The Trump Administration Can Learn From These Nobel Winners

The 2018 Nobel Prize in economics has been awarded to William D. Nordhaus and Paul Romer. At a time when free trade has been maligned by some leaders, these economists’  observations on trade policy should be required reading for U.S. policymakers. Their views reaffirm the benefits of free trade, as noted in an NTU letter that was signed by over 1,000 economists, including 15 previous Nobel laureates.

Paul Romer:

People often use these national comparisons as if it’s a race where there’s winners and losers. I often tell my students, “Any time you’re thinking about rivalry between countries, reframe the question as rivalry between states in the United States.”

Would it upset us if we lived in Illinois and Intel was making microprocessors in California? Is it bad for us that Intel develops microprocessors? Of course not. We’re glad they make them and we’re happy to use them. We get the benefits from using them. Does it make people in Illinois any worse off if people in California grow richer or develop new technology? Absolutely not. People in Illinois are better off being able to trade with California and people in California are better off being able to trade with people in Illinois and New York and the rest of the country.

So this notion that there’s a kind of a rivalry with winners and losers when we think about nations, it’s really very misleading about the underlying economics. This, by the way, was one of the advantages the United States had in the early part of the twentieth century. We were already a big free trading block when a lot of the world was still relatively closed.

William Nordhaus:

The most fundamental point is that trade – whether domestic or international – is mutually beneficial. The basic analysis was developed exactly 200 years ago by David Ricardo in his theory of comparative advantage (Ricardo 1817). Ricardo used the examples of Portuguese wine and English cloth. Today, the examples have changed but the principles are the same. By specialising in the production and export of goods that countries make relatively cheaply, and importing and consuming goods that the country makes relatively expensively, each country can improve its living standards.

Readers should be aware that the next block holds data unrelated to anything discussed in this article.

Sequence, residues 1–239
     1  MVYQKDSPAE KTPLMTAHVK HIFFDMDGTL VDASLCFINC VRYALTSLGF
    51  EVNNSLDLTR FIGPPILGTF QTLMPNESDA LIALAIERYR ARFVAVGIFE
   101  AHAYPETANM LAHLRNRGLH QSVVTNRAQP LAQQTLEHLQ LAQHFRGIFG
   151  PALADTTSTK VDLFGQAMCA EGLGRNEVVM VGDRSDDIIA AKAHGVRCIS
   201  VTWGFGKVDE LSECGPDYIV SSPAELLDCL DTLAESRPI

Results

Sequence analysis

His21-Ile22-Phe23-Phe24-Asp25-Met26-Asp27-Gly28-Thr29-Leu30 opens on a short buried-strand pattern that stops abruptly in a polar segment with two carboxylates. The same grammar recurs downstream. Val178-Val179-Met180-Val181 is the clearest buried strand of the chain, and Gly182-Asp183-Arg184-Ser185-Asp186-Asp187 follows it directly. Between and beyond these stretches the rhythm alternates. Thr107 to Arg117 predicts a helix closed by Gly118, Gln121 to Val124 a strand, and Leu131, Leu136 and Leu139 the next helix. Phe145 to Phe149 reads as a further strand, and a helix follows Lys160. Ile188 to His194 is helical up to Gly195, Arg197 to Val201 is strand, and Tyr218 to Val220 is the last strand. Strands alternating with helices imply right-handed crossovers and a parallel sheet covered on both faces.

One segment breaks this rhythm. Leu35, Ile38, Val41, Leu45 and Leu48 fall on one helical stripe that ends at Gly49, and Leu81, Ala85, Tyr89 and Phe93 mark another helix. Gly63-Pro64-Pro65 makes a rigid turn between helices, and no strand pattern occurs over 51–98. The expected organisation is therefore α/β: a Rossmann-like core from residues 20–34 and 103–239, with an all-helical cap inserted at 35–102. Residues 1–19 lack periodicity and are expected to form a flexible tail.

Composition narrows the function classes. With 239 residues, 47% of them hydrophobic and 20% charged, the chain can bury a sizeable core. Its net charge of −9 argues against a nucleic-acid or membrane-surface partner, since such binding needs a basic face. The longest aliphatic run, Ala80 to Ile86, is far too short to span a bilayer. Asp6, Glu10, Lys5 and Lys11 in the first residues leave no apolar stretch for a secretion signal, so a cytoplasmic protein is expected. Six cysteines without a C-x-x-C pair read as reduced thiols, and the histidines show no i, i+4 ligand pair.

Paul Romer:

If you look at a worker in a Nike factory in Vietnam, that worker is worse off and has a lower quality of life than a worker in the United States. That feels wrong to many of us, and that’s a reasonable kind of moral or ethical response. It’s sad that there are people who live lives that aren’t as nice as ours, but that’s not the question here.

The question is, did Nike’s coming in make the life of that person better off or worse off? The unambiguous answer is that Nike coming in really helps that person and helps many other people in that country.

William Nordhaus:

Two hundred years ago, in the days of David Ricardo, it was largely true that goods were ‘made’ in one place. Such was standard during the ‘first wave of globalisation’, as has been described in the remarkable book on globalisation by Richard Baldwin (2016). Today, we have moved to the second wave. As with the iPhone … the production processes for cars, air conditioners, and airplanes have been sliced up very finely among different producers thanks to revolutionary declines in transport and communications costs. We live in the era of highly specialised global supply chains, which involve the increasingly intensive cross-border flows of goods, technology, investment, services, and workers.

Paul Romer:

If we trade with the entire world and we can take advantage of any new drug discovery anywhere in the world, we’re much more likely to come up with, say, a treatment for Alzheimer’s or some really valuable good than if we have to discover it ourselves. As more and more people are engaged in discovery, the odds of any particular discovery or the odds of valuable discoveries go up.

So we’d really do ourselves a disservice if we cut ourselves off and said, “Okay, California is big enough to trade with. We don’t need to trade with the rest of the world,” or “The United States is big enough to trade with. We don’t need to trade with the rest of the world.” But already important things are being discovered in other parts of the world, and we can take advantage of those if we engage in trade with people who discover those things.

William Nordhaus:

An interesting example of the way foreigners save in the U.S. is the accumulation of dollar reserves by foreign central banks. These nest eggs (totalling $6 trillion owed by the US to foreign official agencies) are held by foreigners to protect against speculative attacks on their currencies. But the result of this accumulation of dollars by foreigners is that the exchange value of the dollar is higher and the US tends to run a larger trade deficit.

Another source of financial flows into the US is a portfolio effect. Foreigners own about $10 trillion of US debt securities. Just for simplicity of exposition, suppose this is a constant 10% of foreign portfolios. If the portfolios are growing at 3% a year, then foreigners will need to buy $300 billion of US debt each year to maintain the 10% share. This would have to be offset by a trade deficit.

Hence, the paradox is that the US trade deficit is big because its financial markets are so attractive, not because of lousy trade deals.